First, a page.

Vermont Public Radio reports:
In Novokuznetsk, an industrial city in Siberia, it seems like a normal April. Snow is melting. People have emerged from winter and are chatting in the town square. And, there is a corruption scandal — involving the mayor, his son and a $3 million housing scam.
“Everybody knows about it,” says Sofia Pinsker, a 22-year-old student. “And it’s not surprising.” Such is life in Russia. Citizens accept that to avoid a ticket for an illegal left turn, or to get a passport to travel abroad, it may require making a bribe. “It’s really easier to do something like that than to do something by law,” Pinsker says.
And Russians, she says, have a history of acceptance when it comes to their leaders.
Robert Amsterdam publishes a true dymanic duo, hero journalist Grigory Pasko and hero economist Andrei Illarionov (Если Вы хотите прочитать оригинал данной статьи на русском языке, нажмите сюда):
Journalist Grigory Pasko recently had the opportunity to sit down with Andrei Illarionov, former advisor to the President of the Russian Federation, and currently a Senior Fellow at the Center for Global Liberty and Prosperity at the Cato Institute in Washington.
GRIGORY PASKO: Andrei Nikolayevich, appearing before the Foreign Affairs Committee of the US House of Representatives in February of the year 2009, you said: “Today’s Russia is not a democratic country”… And further: “The members of the Corporation do share strong allegiance to their respective organizations, strict codes of conduct and of honor, basic principles of behavior, including among others the principle of mutual support to each other in any circumstances and the principle of omerta.” But is this not a characterization of a classical mafia? Can one fight with a mafia using democratic methods: honest elections, unbribable independent courts, free mass information media?
ANDREI ILLARIONOV: A very good and complex question. But I will not give you an answer now. Inasmuch as we have to make several sub-points here. First: is this phenomenon a mafia? It has very many features that look like a mafia, that are close to a mafia. Nevertheless, this is not exactly a mafia. More precisely, this is some kind of a special mafia. A mafia of such a kind – a siloviki corporation, as we have, – belongs to the group of special siloviki structures that exist in different human societies. By the way, states as such ought to be included in this as well.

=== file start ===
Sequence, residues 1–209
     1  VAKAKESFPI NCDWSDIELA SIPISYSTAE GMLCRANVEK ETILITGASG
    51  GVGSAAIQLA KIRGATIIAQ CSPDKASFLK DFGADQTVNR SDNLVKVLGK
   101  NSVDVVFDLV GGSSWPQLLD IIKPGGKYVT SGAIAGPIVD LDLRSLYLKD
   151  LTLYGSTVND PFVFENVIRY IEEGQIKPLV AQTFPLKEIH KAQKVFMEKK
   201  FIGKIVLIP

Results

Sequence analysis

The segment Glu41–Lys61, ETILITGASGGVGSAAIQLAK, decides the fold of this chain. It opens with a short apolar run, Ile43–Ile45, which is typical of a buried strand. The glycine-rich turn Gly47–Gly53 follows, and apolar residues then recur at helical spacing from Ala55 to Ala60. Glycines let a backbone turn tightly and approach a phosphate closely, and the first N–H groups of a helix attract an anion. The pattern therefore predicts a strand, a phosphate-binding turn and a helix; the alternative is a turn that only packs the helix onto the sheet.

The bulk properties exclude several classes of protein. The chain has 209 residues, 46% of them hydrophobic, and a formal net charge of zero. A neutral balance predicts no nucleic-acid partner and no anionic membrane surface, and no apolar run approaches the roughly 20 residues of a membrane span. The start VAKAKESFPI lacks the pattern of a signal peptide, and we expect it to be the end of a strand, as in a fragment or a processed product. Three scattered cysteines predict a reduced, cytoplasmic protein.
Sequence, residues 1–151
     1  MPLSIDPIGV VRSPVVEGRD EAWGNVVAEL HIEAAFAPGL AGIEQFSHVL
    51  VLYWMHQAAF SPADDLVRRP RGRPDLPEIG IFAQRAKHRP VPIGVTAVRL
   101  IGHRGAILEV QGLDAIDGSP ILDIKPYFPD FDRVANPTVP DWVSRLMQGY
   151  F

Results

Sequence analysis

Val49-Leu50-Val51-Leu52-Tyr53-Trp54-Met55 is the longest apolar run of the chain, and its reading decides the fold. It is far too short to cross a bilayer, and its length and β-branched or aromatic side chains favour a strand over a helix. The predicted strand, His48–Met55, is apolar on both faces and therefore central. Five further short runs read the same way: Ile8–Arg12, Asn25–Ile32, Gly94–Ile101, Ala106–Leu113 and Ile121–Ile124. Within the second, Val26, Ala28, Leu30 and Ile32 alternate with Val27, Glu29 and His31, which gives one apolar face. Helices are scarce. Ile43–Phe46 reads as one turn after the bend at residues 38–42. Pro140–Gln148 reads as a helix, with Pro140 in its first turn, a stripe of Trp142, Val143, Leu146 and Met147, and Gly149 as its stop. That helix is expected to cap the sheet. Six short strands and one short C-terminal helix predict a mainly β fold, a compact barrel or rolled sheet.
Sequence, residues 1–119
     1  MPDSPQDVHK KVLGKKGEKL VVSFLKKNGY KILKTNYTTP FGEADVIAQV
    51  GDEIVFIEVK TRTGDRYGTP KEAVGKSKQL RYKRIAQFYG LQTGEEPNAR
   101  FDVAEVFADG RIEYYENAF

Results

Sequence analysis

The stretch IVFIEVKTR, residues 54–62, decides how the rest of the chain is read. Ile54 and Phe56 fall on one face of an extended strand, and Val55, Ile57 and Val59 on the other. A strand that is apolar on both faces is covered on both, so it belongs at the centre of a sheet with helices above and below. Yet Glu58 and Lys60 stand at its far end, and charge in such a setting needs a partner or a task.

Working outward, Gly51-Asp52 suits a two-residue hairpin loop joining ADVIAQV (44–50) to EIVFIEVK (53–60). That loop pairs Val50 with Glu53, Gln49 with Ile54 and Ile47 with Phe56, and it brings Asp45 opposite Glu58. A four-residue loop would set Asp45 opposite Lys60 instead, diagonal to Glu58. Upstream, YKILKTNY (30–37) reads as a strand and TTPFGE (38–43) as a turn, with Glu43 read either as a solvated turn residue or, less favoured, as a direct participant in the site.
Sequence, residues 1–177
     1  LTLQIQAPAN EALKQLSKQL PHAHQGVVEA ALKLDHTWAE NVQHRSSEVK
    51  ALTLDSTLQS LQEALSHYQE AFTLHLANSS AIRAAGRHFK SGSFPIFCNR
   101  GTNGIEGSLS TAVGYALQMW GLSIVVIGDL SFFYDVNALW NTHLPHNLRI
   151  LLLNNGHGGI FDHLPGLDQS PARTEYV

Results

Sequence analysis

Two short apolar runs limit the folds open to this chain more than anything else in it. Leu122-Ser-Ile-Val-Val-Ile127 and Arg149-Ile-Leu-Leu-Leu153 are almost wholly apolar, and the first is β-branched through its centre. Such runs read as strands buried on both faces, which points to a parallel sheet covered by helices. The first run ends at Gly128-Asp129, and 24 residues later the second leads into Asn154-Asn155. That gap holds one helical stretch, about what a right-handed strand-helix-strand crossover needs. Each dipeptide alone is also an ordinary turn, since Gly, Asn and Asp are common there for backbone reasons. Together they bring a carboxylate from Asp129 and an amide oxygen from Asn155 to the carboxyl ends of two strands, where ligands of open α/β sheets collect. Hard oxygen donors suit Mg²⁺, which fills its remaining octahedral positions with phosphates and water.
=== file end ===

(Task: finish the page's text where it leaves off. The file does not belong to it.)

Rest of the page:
American Bethanie Mattek-Sands, jubilant in victory
Russia fielded a far stronger singles team against the United States in the semi-final match of the Fed Cup championships which was contested in Birmingham, Alabama last weekend.
The US did not send one player ranked in the world’s top 30 in singles, while Russia sent world #7 Elena Dementieva. The US sent only one player ranked in the top 100 in the world in singles, while all three of Russia’s players were ranked in the world’s top 80.
The outcome, therefore, was a foregone conclusion.
That’s right, the USA whipped Russia’s butt.
Putin Throttles another Newspaper
Other Russia points to a chart, displayed after the jump (click it to see it full size), which was prepared by the Russian newspaper New Times and shows the shameless cronyism being practiced by Russian dictator Vladimir Putin in regard to the Gazprom energy monopoly. Putin has filled the company’s management strata with his political and personal cohorts, and possibilities for corruption, exploitation and mismanagement are obvious.
Just days ago, Other Russia reported how Putin’s gestapo had raided the offices of New Times seeking to intimidate and silence the mighty little paper run by firebrand hero journalist Yevgenia Albats, and this story gives a clear indication of just what the Kremlin is afraid of.
Vladimir Putin is systematically taking personal control of every aspect of Russian society, and just as systematically eradicating every media outlet that might report on or criticize his doing so. The people of Russia are turning a blind eye to his misdeeds, which include mounting a new cold war confrontation with the West while ignoring every social problem faced by Russian society, such as for instance the chronic issue of orphan children on which we report in today’s issue. And to make matters even worse, the so-called “leader” of the United States, Barack Obama, stands mute and watches it all unfold, ignoring the threat to American security and values presented by neo-Soviet Russia.